My latest custom design. It looks pretty simple and basic, but it actually took me a while to make the background of the photos black & white, while keeping the players in full color.
I almost titled this post “Let’s Do the Text Warp Again,” but I resisted the urge.
This design has a weird history. You see, I download a lot of other cards & images for inspiration. I just stick them all in this big folder on my hard drive. A few days ago, while looking through that folder, I stumbled across a design I didn’t remember seeing before. I had no idea where I found it, but I liked it.
So I decided to try my own version of that design, mainly because it was a good way to practice using Photoshop’s Warp tool. Here’s the version I ended up with:
I still wanted to know where that design came from, so I did some digging. Turns out it was a custom card created by the Rockies organization. It was one of several custom cards they posted on Twitter earlier this year.
UPDATE: A member of Facebook’s Custom Baseball Cards group pointed out that the design is fairly close to the 1976-77 Topps Hockey design:
I work on a lot of custom designs, just to try out different techniques and experiment. Here are six recent designs I made that haven’t been posted yet.
I like a couple of these more than the others, and I’m still thinking about making larger sets with some of these designs.
I’d love to hear your feedback on which of these designs you like or dislike.
Here are a few 1985 Reds remakes.
In 1984 Nick Esasky played in 113 games…and had a .193 average. But the next year, he batted .262 in 125 games.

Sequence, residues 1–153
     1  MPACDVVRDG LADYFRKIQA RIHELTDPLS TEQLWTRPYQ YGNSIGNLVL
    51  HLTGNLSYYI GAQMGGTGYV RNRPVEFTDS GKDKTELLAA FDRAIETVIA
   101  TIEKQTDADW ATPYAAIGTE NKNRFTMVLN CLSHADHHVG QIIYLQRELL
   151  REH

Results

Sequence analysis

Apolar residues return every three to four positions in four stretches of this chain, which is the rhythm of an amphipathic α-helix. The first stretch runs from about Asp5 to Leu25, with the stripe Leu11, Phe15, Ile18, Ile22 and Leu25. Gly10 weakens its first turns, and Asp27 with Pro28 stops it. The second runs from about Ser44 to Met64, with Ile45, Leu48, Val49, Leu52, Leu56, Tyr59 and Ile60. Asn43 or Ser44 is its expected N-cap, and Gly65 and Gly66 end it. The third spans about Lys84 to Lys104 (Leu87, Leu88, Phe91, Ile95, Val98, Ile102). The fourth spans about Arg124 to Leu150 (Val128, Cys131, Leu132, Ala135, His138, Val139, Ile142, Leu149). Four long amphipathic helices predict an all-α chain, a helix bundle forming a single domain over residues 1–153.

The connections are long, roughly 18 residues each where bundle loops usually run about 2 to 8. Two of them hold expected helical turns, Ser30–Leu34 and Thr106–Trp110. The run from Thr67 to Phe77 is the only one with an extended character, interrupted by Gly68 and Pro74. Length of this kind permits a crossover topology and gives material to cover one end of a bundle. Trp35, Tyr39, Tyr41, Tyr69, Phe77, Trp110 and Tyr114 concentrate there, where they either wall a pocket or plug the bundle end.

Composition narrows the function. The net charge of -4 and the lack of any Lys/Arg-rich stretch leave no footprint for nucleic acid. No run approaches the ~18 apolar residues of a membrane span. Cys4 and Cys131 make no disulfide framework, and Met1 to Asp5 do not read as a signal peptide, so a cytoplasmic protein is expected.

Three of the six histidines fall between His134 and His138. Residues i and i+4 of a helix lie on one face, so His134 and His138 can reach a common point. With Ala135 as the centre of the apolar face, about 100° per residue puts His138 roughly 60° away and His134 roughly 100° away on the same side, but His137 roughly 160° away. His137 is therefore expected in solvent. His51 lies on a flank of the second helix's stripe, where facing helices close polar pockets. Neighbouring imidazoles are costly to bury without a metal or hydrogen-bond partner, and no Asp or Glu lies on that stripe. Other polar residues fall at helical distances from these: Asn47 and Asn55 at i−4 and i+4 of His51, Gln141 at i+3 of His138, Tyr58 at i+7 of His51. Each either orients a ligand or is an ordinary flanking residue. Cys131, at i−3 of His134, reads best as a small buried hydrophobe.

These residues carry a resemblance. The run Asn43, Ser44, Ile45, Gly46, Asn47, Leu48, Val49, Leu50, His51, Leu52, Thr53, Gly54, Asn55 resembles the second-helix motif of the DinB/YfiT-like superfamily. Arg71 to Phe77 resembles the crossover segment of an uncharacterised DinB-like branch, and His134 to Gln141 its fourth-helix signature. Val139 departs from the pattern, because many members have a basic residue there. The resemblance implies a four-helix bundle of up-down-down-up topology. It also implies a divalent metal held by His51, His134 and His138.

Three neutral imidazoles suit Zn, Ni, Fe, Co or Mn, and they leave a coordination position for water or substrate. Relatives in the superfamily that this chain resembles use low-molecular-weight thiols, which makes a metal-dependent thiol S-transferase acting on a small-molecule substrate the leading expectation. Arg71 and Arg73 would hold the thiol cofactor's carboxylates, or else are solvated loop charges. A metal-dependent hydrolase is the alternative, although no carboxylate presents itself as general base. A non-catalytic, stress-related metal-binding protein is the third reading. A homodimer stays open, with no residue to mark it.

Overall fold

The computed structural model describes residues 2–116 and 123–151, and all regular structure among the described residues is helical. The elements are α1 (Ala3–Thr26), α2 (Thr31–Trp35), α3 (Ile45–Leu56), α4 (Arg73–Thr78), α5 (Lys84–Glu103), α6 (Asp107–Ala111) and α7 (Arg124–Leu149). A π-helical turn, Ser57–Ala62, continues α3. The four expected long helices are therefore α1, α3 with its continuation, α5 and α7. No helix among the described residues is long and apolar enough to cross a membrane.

I don’t know how many players have ever raised their batting averages 69 points from one year to the next, but it can’t be too many, right?
Here’s another new custom set I’m working on. I’m not 100% sure about the fonts I used, but I really like the “box” style for the team & player names.
I love this photo of Denard Span at Fenway Park, so I threw that Rays card in as a bonus.
This design is based on the wonderful “Brothers” typeface. Brothers was designed by John Downer and released through Emigre in 1999. You can read more about Brothers at the Font Review Journal (which is a fantastic resource for font enthusiasts).
This is a really simple design, but I kinda love the look of the Bench card in this set.
“I got more hits than Sadaharu Oh” – “Hey Ladies” by The Beastie Boys
Japanese baseball legend Sadaharu Oh ended his career with 868 homers and 2,786 hits. Sadly, the Beastie Boys never had 2,786 hits.